By Marty Ross
I always thought groundcovers were simply low-growing, ground-hugging plants, like ivy. But look around at gardens in your neighborhood: Groundcovers can be short or tall, and they don’t have to be evergreen.
Vinca and ivy are traditional evergreen groundcovers in Midwest gardens, but don’t stop there. Daylilies can be groundcovers, and hostas can do the job too. In the Midwest there are many hardy, hardworking plants that will fill in the bare spots and cover the ground gracefully.
Melanie Cavender is a garden designer in Kansas City with a personal garden that shows off her well-developed eye for design. She has strong opinions about groundcovers. In some cases you really don’t need them, she says.
“I like crowded, spilling-over cottage gardens, but I like to keep the ground clean,” Cavender says. Instead of letting groundcovers grow unchecked, she chooses carefully and keeps them from spreading into places where she doesn’t want them to be.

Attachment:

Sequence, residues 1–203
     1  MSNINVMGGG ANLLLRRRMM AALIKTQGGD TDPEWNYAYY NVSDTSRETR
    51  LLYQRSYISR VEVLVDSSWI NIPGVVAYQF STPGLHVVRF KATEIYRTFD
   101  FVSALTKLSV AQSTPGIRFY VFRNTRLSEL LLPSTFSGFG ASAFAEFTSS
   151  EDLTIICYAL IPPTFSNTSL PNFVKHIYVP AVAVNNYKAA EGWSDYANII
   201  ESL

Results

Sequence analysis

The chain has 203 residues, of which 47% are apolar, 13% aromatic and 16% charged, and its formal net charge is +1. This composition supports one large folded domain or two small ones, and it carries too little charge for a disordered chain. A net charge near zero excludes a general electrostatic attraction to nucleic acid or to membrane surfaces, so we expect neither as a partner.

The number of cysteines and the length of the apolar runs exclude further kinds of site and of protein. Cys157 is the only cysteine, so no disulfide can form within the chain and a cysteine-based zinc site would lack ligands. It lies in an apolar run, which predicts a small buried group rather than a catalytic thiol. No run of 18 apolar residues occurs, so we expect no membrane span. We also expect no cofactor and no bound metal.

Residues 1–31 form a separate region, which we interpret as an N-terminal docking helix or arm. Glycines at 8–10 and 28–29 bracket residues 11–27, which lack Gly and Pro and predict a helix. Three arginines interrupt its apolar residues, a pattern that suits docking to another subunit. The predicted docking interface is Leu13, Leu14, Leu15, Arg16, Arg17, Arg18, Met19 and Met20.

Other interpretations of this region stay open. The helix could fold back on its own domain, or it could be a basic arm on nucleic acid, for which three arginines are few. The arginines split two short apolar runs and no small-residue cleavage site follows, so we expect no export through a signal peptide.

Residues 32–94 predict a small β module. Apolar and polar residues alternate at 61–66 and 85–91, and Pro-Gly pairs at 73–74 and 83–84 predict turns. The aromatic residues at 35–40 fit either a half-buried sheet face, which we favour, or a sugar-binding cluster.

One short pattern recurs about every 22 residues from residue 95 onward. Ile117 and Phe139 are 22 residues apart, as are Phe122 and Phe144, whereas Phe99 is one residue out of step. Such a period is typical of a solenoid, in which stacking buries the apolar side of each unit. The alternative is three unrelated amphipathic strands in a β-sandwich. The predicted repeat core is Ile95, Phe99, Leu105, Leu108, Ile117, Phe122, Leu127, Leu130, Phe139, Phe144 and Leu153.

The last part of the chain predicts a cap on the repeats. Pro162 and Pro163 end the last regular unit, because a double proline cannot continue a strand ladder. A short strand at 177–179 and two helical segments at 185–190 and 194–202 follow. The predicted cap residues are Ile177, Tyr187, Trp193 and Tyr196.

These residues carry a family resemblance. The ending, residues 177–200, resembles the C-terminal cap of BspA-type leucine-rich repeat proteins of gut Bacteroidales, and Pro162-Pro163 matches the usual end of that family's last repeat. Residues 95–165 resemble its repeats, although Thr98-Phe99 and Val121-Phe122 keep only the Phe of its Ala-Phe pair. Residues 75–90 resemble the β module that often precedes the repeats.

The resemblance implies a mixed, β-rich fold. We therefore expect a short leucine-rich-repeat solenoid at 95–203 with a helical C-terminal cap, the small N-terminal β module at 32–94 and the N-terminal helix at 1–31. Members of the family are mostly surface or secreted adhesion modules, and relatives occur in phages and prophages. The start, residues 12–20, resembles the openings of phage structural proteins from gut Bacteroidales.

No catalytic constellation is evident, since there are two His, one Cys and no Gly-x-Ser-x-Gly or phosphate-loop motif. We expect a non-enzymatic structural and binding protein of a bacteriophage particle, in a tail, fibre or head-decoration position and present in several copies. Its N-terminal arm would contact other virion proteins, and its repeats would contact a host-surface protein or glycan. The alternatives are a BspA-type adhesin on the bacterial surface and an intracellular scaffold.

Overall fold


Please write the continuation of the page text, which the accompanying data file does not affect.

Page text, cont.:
I like vinca as a groundcover, but it’s one of the plants Cavender says has the potential to become a “trash catcher,” and I understand why. Sometimes vinca romps through a garden instead of treading lightly, and autumn leaves and twigs have to be raked, very gently, from the foliage. It also needs occasional clipping.
I feel the same way about English ivy: It looks distinguished and old-fashioned until it starts climbing trees.
Cavender loves candytuft (Iberis umbellata) for its white spring flowers and dense evergreen foliage. She likes sweet woodruff (Galium odoratum) in woodland settings, and she grows golden creeping Jenny (Lysimachia nummularia ‘Aurea’) too. “But it really can get out of control and sometimes looks messy,” she says.
In my garden Japanese painted fern, lamb’s ear (Stachys byzantina), hellebores, and bigroot geranium (Geranium macrorrhizum ‘Ingwersen’s Variety’) all are hardy, handsome, drought-tolerant, well-behaved groundcovers that do not need pampering. It’s great to have so many choices. What are your favorites?
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